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The past week marked several significant milestones and events, all sharing a common theme:

Martin Luther King Jr. Day, which honors a man who led non-violent resistance to segregation and was murdered with a gun;

The second-term inauguration of Barack Obama, who's now seeking increased gun regulation in the wake of the Newtown school shooting;

The one-month anniversary of the Newtown shooting itself;

And oh, I almost forgot one more event: "Gun Appreciation Day," sponsored by the National Rifle Association. Their timing is purely coincidental, I'm sure. Aren't you?

At this point in my career I thought I was beyond being shocked at human behavior. But I was unready for the hostility and tone-deaf insensitivity of those who, one month after Newtown, seem more enraged by the tiniest effort at gun regulation than they are by the death of those 20 kids in Connecticut.

I keep hearing -- and desperately wanting to believe -- that the vast majority of gun owners, of which I am one, are immune to the gun lobby's paranoid insistence that the slightest regulation is the same thing as the government wanting to "take away all our guns."

But if social media is any guide, I frankly see less and less evidence of this every day.

Don't get me wrong. There is a coherent Constitutional argument to be made for unfettered personal access to firearms. But unfortunately almost no one is making that argument right now.

What we have now isn't so much a debate as a sick pathology acting out in real time. A month after a shooting in which 20 schoolchildren were shot dead -- most suffering multiple point-blank bullet wounds -- the NRA ran a web video calling Obama an "elitist hypocrite."

Why? Because an armed Secret Service detail protects Obama's children while their father seeks new gun regulations.

Got that? One month after 20 kids were butchered to death in Newtown, the NRA taunts the president of the United States to remove his kids' bodyguards. Real subtle, those NRA guys!

(They should actually give Obama a Lifetime Achievement award. He's done more to boost gun & ammo sales than anyone in history.)

Things actually get worse. You probably haven't heard of Gene Rosen, but the people of Newtown have. About 15 minutes after Adam Lanza began his shooting spree through Sandy Hook, the 69-year-old Rosen found himself sheltering six kids who somehow escaped the carnage and huddled at the end of his driveway.

In graphic proof of the old saying "no good deed goes unpunished," Rosen's reward was to become the target of a vicious internet campaign alleging he participated in an elaborate conspiracy to stage the shooting so the federal government could "take away our guns."

Rosen gets threats, accusations, phone calls, e-mails. A photo of his house has been posted online. Rosen happens to be Jewish, so a portion of the accusations involve references to his faith and ethnicity.

"I don't know what to do," Rosen told Salon.com. "There must be some way to morally shame these people, because there were 20 dead children lying an eighth of a mile from my window all night long."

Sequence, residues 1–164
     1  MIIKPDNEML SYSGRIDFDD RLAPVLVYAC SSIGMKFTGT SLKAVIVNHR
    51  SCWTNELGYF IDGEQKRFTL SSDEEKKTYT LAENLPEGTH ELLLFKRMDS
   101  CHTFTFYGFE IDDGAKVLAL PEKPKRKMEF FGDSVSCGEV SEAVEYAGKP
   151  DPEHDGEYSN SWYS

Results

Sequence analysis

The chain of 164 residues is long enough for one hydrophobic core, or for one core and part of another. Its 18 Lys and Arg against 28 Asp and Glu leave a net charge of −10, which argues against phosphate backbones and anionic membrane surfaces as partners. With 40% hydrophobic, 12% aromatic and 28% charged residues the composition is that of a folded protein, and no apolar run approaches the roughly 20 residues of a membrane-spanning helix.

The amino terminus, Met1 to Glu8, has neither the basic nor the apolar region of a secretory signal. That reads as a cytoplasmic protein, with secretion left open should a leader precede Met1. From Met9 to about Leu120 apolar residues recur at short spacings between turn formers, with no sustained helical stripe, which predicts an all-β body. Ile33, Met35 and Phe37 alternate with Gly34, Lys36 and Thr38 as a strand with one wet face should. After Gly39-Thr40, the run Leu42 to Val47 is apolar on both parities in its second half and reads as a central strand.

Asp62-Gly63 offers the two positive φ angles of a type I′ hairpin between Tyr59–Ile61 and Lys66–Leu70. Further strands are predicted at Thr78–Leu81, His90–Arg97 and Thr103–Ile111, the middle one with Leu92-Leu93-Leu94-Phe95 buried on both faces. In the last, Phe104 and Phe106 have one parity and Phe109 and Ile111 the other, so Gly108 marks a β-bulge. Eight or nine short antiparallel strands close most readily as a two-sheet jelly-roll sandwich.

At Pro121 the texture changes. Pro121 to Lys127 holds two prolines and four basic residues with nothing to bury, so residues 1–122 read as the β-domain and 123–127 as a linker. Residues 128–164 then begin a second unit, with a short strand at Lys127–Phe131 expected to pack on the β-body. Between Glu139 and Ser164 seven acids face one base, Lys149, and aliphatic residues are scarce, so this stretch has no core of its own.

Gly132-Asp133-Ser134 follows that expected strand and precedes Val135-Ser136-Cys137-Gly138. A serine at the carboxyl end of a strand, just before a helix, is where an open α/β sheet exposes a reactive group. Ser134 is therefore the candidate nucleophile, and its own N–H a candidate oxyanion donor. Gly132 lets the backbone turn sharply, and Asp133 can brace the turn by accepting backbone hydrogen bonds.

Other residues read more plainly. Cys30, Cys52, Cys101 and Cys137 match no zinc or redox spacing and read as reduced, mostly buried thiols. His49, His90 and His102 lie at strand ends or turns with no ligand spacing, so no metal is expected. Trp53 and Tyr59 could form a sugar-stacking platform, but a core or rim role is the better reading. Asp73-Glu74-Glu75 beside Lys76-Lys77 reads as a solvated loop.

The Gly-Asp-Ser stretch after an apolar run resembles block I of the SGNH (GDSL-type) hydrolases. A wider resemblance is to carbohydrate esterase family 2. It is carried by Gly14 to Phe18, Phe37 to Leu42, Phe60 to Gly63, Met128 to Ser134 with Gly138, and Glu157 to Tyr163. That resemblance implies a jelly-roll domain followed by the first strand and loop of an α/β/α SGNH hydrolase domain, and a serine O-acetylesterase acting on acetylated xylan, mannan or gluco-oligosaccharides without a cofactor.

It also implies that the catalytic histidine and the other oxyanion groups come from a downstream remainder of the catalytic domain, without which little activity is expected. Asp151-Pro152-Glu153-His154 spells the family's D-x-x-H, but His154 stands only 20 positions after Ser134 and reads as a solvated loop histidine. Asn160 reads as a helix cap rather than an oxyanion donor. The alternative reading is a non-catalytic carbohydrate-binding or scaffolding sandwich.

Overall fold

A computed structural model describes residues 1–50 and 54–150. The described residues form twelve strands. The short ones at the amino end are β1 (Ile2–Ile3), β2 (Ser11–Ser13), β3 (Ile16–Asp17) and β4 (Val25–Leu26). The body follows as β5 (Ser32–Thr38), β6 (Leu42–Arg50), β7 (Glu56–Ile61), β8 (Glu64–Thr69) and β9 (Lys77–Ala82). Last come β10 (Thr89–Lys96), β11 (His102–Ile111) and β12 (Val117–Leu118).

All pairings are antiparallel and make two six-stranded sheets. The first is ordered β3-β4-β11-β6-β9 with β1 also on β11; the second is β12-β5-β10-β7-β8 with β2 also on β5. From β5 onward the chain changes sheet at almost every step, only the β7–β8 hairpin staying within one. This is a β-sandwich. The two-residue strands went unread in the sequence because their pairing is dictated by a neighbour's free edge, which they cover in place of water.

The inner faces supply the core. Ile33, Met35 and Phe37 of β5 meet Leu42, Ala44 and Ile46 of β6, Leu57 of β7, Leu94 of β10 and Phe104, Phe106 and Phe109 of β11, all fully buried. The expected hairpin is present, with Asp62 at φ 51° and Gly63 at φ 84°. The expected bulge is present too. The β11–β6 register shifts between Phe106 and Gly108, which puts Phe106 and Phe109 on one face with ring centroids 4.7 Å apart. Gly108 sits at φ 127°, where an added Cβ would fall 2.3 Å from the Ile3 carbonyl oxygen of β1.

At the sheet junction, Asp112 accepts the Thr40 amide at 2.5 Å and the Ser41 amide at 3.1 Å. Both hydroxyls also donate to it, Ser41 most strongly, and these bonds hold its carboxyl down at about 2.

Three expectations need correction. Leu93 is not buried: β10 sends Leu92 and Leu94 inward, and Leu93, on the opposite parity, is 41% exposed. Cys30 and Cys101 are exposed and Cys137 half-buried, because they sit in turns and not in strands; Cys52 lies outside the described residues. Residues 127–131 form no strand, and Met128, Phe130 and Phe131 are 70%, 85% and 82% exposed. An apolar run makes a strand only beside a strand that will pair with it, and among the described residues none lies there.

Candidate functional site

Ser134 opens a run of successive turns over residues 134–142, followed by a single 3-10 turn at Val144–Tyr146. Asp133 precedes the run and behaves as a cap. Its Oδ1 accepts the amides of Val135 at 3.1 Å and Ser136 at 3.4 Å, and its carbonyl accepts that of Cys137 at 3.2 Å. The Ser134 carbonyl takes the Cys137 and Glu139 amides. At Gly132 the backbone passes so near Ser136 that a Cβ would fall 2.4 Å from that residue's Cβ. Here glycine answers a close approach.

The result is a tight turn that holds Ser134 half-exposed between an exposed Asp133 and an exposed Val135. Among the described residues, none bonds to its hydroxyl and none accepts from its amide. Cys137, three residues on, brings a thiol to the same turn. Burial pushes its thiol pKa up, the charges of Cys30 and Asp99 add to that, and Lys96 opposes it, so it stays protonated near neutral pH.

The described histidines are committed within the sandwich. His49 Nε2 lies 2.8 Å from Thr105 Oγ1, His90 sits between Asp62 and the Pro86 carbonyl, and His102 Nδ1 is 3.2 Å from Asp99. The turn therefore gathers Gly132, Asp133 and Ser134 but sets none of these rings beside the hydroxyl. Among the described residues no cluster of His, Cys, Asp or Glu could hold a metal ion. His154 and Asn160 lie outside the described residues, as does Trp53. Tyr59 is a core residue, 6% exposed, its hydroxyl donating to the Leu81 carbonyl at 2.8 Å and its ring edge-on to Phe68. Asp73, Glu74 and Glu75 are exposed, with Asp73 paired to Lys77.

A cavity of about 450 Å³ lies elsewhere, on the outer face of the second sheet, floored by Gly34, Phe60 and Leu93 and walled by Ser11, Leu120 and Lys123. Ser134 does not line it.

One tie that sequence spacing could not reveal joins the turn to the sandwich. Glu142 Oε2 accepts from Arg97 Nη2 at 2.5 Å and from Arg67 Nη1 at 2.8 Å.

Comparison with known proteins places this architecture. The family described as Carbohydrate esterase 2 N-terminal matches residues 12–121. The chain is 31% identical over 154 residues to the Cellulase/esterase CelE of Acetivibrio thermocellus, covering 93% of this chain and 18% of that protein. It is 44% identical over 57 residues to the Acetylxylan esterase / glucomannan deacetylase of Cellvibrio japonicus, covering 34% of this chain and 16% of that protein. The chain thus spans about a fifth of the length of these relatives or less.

Thing is, you can't morally shame someone incapable of feeling shame. You can't reach someone already beyond the bounds of basic human decency.

The NRA was once one of America's most level-headed organizations, stressing gun safety and responsible gun ownership. But over the past couple of decades, the smell of money and the ease with which politicians can be bought with it has led them to form an unholy trinity with the gun industry and the right wing media, all profiting from paranoia.

Their propaganda has been so effective that millions of gun owners now fervently believe that any gun control measure, no matter how common-sense and modest, always equals an attempt to "come and take our guns away."

These days that old line is making quite a comeback, the line about guns being taken only when they're pried out of the owner's "cold dead hands." But the only cold dead hands I'm seeing belong to the victims of guns, not to their owners.

Ludicrously, some people now compare themselves to brave Minutemen battling the British monarchy, striking a blow against tyranny, defending the Constitution to the death, etc. Some openly call for "another civil war" if any of Obama's small, incremental proposals for new gun regulation are enacted.

(Speaking of "Minutemen," I can't help but think that any actual act of armed rebellion against the U.S. government in the year 2013, no matter how well-equipped or well-organized, would likely have a lifespan about that long.)

I feel sure that the freedom fighters who secured American independence, in whose name so much perfidy is committed today, would fail to understand why two centuries later we've done so little to protect our most precious asset, our children.

They might ask why they bothered fighting at all.

 

 

 

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About The Author

Jim Morekis

Jim Morekis

Bio:
A native Savannahian, Jim has been editor-in-chief of Connect Savannah for ten years. The University of Georgia graduate is also a travel writer, authoring regional guides in the Moon handbook series... more

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Connect Today 12.09.2016

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